1L20.66 - Orbits on the Overhead/Mass Spectrometer Model
See also 7D30.90 in Modern Physics and 1L20.66/7D30.90 in Astronomy.
Place the Plexiglas plate with attached ring magnet on the overhead projector. Roll one of the ball bearings at a grazing angle across the ring magnet. Watch the ball bearing either be deflected to a different direction, or orbit the magnet.
- Michel Gagnon, "A Mass Spectrometer Simulator in Your Computer", TPT, Vol. 50, # 9, Dec. 2012, p. 553.
- Matthew Lowry, "Teaching Universal Gravitation with Vector Games", TPT, Vol. 46, # 9, December 2008, p. 519.
- S - 190: "Atoms, Molecules and Solids", DICK and RAE Physics Demo Notebook.
- David Kutliroff, "A Mass Spectrograph Analog", 101 Classroom Demonstrations and Experiments for Teaching Physics, p. 219.
- Borislaw Bilash II, David Maiullo, "Model of Mass Spectrometer: A Demo A Day: A Year of Physics Demonstrations, p. 293.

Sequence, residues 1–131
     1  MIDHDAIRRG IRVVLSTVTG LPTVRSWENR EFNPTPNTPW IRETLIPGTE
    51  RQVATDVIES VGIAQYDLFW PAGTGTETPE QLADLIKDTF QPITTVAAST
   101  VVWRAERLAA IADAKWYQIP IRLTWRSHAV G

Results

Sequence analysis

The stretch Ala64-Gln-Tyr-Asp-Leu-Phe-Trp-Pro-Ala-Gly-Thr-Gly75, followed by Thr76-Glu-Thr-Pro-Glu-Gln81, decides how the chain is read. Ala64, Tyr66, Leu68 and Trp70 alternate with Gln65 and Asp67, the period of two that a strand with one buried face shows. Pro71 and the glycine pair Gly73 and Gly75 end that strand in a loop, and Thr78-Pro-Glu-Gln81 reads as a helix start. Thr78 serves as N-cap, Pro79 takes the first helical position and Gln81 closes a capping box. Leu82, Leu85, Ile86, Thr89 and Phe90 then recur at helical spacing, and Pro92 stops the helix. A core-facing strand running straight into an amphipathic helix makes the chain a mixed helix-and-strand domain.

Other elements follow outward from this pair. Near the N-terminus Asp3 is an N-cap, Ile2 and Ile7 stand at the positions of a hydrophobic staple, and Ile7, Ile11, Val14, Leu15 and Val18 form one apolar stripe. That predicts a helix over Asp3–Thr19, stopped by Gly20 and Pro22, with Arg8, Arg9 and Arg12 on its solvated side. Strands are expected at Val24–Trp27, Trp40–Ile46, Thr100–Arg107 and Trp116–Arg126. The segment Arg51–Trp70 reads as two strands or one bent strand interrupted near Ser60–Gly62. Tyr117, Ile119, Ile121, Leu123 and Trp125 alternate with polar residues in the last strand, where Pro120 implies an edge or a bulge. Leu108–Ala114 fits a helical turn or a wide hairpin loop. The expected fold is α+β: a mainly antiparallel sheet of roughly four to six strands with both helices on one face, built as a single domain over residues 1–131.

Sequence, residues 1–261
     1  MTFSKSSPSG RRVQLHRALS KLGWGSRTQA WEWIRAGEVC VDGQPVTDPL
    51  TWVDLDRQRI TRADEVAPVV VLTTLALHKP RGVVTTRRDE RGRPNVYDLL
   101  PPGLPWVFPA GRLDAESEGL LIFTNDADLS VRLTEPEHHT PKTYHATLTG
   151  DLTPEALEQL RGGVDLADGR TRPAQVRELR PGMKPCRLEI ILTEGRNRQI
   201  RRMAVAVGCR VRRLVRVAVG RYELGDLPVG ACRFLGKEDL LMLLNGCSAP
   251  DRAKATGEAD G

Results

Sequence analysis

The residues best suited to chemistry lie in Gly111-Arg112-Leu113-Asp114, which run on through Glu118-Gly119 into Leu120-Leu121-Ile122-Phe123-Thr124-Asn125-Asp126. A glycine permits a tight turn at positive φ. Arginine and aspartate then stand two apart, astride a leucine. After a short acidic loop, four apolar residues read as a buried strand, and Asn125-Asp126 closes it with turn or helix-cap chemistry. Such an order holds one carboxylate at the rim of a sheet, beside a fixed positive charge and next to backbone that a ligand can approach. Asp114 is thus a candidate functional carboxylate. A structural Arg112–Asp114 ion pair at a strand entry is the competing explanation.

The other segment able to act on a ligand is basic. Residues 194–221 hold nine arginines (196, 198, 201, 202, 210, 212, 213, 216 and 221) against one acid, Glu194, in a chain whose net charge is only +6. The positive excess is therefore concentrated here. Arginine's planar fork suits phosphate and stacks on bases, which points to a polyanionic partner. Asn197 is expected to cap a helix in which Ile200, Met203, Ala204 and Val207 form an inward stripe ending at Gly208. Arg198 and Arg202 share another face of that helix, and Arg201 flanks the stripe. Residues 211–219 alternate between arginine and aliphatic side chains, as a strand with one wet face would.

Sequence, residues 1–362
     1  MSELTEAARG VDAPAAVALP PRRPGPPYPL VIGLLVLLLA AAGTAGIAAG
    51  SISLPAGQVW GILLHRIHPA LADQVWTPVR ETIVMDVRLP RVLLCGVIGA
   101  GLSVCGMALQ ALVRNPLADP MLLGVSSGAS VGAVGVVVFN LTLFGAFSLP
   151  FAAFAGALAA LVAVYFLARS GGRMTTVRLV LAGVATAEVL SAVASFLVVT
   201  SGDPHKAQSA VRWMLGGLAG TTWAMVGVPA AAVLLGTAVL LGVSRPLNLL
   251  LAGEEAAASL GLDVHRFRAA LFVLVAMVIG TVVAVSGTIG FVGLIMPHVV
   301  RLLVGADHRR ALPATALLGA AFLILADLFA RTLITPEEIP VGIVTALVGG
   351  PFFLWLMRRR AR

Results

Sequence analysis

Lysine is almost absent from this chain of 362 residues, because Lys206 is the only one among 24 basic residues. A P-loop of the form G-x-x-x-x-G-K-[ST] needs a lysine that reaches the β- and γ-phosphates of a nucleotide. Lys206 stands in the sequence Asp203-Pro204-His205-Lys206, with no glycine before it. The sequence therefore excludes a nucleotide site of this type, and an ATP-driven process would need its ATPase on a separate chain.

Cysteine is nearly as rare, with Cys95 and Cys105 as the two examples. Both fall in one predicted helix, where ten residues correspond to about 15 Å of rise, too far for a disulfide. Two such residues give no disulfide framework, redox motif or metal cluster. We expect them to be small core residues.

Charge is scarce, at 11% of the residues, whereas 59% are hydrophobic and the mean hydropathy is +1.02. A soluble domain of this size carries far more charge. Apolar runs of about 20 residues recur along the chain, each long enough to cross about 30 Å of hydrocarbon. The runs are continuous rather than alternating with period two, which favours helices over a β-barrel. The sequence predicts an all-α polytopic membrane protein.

Disclaimer: These demonstrations are provided only for illustrative use by persons affiliated with The University of Iowa and only under the direction of a trained instructor or physicist. The University of Iowa is not responsible for demonstrations performed by those using their own equipment or who choose to use this reference material for their own purpose. The demonstrations included here are within the public domain and can be found in materials contained in libraries, bookstores, and through electronic sources. Performing all or any portion of any of these demonstrations, with or without revisions not depicted here entails inherent risks. These risks include, without limitation, bodily injury (and possibly death), including risks to health that may be temporary or permanent and that may exacerbate a pre-existing medical condition; and property loss or damage. Anyone performing any part of these demonstrations, even with revisions, knowingly and voluntarily assumes all risks associated with them.